A Canadian couple on vacation in Hawaii was hit with a $1 million hospital bill after a pregnant wife gave birth nine weeks early, and a pre-existing condition prevented her traveler’s insurance from covering the stay.

When Jennifer Huculak-Kimmel and her husband Darren consulted with their doctor before planning a trip to Hawaii last year, they had been reassured everything was in order. But two days after arriving, Huculak-Kimmel’s water broke. She was airlifted to Oahu, where she spent the next six weeks on bed rest and eventually delivered her baby girl Reece via emergency C-section. It was only after the couple got home that they realized Blue Cross was charging them $950,000.

“We are unable to provide coverage for any medical expenses incurred for Ms. Huculak's baby,” read a letter sent to the couple from Blue Cross. “Please note that Ms. Huculak's travel policy expired on Nov. 9, 2013.”

While Huculak maintains she only had minor bleeding from a bladder infection during her pregnancy and was otherwise fit to travel — as confirmed by her doctor prior to leaving — Blue Cross claimed the condition was pre-existing, invalidating coverage for Reece’s two-month hospital stay in the neonatal intensive care unit. Huculak’s pregnancy had been deemed “high-risk.”

“It makes you sick to your stomach,” she told CTV Saskatoon. “Who can pay a million-dollar medical bill? Who can afford that?”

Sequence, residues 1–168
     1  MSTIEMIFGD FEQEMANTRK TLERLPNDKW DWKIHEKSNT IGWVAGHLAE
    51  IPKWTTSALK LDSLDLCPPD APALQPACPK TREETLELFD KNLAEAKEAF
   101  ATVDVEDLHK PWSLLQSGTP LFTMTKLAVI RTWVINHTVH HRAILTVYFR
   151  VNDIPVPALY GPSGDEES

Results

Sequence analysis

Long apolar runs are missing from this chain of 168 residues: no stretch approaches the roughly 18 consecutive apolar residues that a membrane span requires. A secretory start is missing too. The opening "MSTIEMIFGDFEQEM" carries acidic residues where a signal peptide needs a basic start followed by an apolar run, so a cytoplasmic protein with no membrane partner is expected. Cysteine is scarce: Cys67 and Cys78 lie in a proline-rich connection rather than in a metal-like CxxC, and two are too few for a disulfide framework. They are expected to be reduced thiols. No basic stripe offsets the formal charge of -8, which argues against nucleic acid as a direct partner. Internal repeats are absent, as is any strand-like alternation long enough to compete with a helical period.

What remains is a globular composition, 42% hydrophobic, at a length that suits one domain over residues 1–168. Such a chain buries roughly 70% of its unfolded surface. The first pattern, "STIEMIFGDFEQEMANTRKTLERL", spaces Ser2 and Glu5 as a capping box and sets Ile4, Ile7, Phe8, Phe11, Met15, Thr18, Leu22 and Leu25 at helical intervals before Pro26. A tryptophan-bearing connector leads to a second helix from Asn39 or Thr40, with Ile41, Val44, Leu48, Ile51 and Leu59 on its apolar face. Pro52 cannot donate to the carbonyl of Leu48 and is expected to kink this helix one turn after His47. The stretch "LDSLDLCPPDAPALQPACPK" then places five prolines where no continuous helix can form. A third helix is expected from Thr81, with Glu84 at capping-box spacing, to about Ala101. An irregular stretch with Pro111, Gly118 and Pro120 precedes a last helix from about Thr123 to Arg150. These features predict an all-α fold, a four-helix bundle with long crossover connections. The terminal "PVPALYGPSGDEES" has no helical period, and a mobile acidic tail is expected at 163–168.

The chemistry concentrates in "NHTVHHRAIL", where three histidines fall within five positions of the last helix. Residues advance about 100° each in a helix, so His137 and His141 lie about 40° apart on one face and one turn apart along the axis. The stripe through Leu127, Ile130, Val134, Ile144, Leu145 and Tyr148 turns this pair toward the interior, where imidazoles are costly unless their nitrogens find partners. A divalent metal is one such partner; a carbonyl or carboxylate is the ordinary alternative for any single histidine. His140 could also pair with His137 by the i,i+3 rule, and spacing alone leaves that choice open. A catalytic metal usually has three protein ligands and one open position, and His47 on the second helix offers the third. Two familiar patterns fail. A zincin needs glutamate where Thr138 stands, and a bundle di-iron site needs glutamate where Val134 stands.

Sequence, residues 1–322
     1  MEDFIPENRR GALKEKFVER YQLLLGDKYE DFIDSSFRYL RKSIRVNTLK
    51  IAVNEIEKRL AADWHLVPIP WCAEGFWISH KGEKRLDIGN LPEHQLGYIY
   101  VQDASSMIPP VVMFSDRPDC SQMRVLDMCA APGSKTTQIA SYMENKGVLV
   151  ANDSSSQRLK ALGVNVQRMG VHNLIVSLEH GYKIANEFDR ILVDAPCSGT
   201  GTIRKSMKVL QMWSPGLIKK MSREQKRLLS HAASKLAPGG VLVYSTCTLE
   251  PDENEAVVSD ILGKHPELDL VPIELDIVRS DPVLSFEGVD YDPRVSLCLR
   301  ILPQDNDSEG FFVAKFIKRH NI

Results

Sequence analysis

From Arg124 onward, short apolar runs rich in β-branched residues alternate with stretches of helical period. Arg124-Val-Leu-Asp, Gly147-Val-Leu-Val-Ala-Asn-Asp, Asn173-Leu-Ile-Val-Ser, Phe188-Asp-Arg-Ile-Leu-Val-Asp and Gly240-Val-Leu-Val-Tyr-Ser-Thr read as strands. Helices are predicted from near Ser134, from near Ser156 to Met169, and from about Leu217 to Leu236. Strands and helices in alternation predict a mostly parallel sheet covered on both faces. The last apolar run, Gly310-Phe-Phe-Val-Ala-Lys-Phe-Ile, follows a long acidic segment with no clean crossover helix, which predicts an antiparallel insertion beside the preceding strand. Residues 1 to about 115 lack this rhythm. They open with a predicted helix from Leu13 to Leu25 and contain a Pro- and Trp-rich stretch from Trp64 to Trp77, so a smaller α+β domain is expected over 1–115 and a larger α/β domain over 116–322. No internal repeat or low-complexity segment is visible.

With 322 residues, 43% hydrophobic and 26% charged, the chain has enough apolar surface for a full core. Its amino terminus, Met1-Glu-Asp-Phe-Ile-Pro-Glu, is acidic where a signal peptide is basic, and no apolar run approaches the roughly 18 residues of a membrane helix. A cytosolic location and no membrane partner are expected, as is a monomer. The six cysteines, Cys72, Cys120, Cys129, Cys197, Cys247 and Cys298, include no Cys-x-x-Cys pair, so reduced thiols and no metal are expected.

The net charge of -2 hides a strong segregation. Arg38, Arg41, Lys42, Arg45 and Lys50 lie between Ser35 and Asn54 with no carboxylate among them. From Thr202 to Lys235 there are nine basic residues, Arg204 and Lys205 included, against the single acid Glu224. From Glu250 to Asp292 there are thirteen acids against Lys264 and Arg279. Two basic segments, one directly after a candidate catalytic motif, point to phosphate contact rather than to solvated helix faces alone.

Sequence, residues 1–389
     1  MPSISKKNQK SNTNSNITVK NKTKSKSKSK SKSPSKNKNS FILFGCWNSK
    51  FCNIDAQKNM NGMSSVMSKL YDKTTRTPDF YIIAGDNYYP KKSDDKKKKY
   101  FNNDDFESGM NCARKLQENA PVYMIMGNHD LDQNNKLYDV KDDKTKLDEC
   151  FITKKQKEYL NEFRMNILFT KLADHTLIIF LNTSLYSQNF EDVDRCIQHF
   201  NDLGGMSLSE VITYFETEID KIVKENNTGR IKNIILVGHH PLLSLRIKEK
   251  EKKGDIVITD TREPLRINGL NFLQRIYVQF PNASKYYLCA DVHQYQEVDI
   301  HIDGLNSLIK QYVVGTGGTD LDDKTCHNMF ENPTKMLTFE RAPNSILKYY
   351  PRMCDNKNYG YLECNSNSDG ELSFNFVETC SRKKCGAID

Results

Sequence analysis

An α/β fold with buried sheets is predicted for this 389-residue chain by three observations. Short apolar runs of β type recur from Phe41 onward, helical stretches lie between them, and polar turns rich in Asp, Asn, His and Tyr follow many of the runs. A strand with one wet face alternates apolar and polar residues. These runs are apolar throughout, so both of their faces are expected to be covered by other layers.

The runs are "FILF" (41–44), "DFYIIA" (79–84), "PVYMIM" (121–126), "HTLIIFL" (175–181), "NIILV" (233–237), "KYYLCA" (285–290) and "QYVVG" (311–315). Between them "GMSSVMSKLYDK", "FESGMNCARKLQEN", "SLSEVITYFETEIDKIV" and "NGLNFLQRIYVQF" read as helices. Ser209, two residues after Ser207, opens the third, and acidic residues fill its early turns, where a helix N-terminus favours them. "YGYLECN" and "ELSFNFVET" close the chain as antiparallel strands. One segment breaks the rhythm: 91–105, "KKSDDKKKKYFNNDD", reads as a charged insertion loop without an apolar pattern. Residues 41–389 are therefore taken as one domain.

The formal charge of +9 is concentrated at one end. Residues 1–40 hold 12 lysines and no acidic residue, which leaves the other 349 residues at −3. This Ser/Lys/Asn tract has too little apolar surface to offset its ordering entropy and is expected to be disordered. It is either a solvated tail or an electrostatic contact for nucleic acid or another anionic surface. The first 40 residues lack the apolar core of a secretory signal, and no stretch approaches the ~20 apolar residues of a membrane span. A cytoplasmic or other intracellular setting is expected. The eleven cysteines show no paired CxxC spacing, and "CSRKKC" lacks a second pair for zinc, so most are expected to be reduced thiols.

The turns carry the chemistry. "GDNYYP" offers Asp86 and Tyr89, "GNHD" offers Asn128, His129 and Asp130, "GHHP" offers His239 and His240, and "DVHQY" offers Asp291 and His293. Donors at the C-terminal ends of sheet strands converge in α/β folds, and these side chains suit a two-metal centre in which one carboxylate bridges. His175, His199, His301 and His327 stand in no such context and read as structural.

Nowhere in the Blue Cross pamphlet was there any fine print mentioning pre-existing conditions, Huculak claims. Had she known of the qualifications, she wouldn’t have gone on the trip. Now, the couple must decide whether they want to fight Blue Cross, declare bankruptcy, or just wait to see how the whole thing shakes out.

Huculak’s specialist in Saskatchewan has written a letter to Blue Cross explaining that the pre-existing condition did not lead to her early labor. However, her coverage was still denied. At this time, the couple says they’re overwhelmed with support but currently aren’t taking private donations. Huculak urges people to take extra precautions if they plan on making a similar trip.

“It's a very sad situation to be in,” she said, “and people need to be aware that insurance companies will deny you if they have anything they can go on.”

If there is any bright side, it’s that 11-month-old Reece is living a healthy life, despite the financial battle that will likely ensue well past her first birthday.